So the answer to any question on how to succeed (how to start a successful kickstarter/write a good book/get an agent/ etc) is this: Do more work on your project/book/goal than any reasonable person would expect.


Secret To Marketing Success:

Companies/movies/products spend months and years building up a product or event, but by the time it is release, who cares? The excitement is over, the consumer has had time to weigh whether they want to spend their hard earned money or not.


CAH creates and products, releases the products and THEN advertises it as: Look at this great product, get excited about, here is where you can buy it.

In this way, the product is new, exciting, and they can buy it NOW. Consumers are at their most excited when the learn of the product, so why burn consumers out? We are an “I want it now” society, take advantage of it. Allow customers to actually buy your product when you spend time talking about it instead of teasing them for months.


How to Beat A Hostile Interview: Stay On Message

James Carville wrote about how to handle a hostile interview and stay on point. Think of the interview as a maze and your goal is to get to the end (your message) in as few words as possible.

Throughout the interview, even if an interviewer is trying to lead you away from your message or get you to go off topic, do not take the bait and always circle it back to what you want to say. Use as few words as possible. In a world of sound bites, do not give them what they want to hear, give them what YOU want them to know.

See example of Evander Holyfield interview after huge win, no matter what he was asked, he brought it back to religion and doing all things through God. Boxing? God. Critics? God. Ok, let’s get off religion, what about tactic? God.

Another great example of this is when Jen from CAH appeared on a local am conservative radio show to discuss the Trump Survival kit Bug Out Bag campaign. The host ACTUALLY said to her “I learned in radio host 101, if you aren’t going with us, you are against us”. (What?!  No it isn’t!) Despite every attempt to bait her, anger her, and even instill fear in her by threatening an onslaught of online hate,  she never broke character and stayed on message.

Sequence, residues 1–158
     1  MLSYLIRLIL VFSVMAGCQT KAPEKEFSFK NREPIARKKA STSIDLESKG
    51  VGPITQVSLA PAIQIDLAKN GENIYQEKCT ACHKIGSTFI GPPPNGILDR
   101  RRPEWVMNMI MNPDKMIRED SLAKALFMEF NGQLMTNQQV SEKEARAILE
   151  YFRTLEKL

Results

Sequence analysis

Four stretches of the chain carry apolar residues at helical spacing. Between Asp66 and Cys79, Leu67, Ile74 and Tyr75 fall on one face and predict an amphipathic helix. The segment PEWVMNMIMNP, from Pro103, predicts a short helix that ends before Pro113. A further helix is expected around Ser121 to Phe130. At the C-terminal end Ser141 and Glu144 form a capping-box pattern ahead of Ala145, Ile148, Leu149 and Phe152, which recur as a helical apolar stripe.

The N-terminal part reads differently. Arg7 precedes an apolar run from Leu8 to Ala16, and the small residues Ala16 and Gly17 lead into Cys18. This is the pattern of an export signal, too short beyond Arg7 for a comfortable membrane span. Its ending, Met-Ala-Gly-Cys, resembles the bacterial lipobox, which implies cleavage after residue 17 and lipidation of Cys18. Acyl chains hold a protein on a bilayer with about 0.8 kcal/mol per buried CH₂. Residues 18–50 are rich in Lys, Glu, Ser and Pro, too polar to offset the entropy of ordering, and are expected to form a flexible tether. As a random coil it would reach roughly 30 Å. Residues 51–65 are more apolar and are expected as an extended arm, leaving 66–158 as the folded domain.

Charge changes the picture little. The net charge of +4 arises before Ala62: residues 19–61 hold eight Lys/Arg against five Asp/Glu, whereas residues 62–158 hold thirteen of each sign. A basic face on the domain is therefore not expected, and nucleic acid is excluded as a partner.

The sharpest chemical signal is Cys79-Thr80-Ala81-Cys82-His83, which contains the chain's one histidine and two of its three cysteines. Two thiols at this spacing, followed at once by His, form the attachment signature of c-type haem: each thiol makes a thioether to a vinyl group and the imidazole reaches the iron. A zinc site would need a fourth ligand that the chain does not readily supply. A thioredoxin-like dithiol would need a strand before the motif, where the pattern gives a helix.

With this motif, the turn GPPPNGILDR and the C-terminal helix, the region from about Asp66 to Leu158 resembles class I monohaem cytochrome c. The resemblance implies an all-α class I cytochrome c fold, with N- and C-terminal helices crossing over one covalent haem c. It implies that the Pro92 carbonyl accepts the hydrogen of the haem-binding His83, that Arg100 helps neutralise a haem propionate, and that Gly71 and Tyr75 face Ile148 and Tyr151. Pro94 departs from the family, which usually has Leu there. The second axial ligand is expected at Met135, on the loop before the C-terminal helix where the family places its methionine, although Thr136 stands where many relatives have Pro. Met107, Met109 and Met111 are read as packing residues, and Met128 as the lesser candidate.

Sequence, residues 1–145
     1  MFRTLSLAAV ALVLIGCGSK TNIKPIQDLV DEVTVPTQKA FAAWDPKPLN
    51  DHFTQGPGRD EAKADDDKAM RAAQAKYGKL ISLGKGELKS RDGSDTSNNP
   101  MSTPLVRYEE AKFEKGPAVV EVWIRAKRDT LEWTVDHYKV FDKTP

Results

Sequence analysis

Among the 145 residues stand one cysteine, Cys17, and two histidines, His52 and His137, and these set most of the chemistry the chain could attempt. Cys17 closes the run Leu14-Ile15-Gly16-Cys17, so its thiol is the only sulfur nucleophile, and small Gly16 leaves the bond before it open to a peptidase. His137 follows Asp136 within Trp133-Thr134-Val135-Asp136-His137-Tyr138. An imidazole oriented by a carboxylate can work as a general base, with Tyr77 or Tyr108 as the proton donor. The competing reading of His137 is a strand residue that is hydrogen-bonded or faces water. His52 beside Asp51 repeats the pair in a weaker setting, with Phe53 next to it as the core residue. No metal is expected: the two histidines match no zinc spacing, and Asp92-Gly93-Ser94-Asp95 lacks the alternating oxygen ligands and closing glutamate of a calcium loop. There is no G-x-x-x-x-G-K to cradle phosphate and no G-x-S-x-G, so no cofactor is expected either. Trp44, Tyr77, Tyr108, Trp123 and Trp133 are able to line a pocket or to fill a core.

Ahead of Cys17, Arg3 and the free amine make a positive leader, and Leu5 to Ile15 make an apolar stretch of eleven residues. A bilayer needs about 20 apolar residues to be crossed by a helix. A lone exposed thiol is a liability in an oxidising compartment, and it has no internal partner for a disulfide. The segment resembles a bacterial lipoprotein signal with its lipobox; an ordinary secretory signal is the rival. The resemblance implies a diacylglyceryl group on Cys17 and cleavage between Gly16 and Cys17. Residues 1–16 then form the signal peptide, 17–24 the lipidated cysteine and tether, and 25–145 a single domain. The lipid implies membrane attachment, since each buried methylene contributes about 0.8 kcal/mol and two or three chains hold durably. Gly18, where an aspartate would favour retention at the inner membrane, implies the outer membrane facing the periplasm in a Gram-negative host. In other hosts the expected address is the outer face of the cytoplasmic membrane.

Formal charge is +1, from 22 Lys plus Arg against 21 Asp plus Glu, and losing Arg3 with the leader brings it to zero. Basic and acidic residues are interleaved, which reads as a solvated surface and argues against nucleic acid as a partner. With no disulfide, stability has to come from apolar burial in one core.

Secret to Successful storyline or scene:

If you describe a scene in a movie and you are saying, and then this happened, and then this happened. It’s crap. Everything should lead from “therefore” or “but”.

Strong Scene = This happens therefore this happens. This happens but this happens.

Crap scene = this happens, and then this happens, and then this happens.

Build a story and reason for why the characters do what they do. Don’t just throw in actions.


Creating a Successful World in a Book Series

What is the one thing Star Wars, Harry Potter, The Hunger Games, and Game of Thrones all have in common? The authors created these big wonderful/expansive worlds that the reader can invest in while learning about the title characters’ adventures. The reader is aware that these main characters live in these worlds and other people are living, fighting, struggling despite the fact you are only reading about this one character or characters.

Other “make you think” thought:

The difference between fiction and genre fiction:

Fiction = people having extraordinary reactions to ordinary events

Genre Fiction= people having ordinary reactions to extraordinary events.


Secret to breaking any bad habit

This is actually a pretty cool idea that Max and Pat employed this past week and one I have heard echoed from top experts on breaking addiction for smoking/food/ too much social media/procrastination/ etc. See: Radiolab, March 8, 2011 Episode titled, “Help!” for another podcast that discusses this idea on how to break bad habits.

Doing something which feels good at the time but we know we need to stop (such as fooling around on social media when you should be working), but is in fact having a harmful effect on your overall life is a difficult cycle to break.

In order to break that cycle you need two things: (1) a good friend who will hold you accountable and (2) something you find so vile and against what you believe in that it would make you ill to support it.

Now, make a commitment with your friend that if you break, you will have to do that thing you find repulsive. For instance, let’s say you love to smoke but you want to quit. But more than your love of smoking, you hate a certain political candidate. Tell your friend if you smoke that they will make sure you donate x amount of money to that candidate’s campaign.

From then on when you look at that cigarette all you will think of is having to give your hard earned money to someone or some cause that you despise.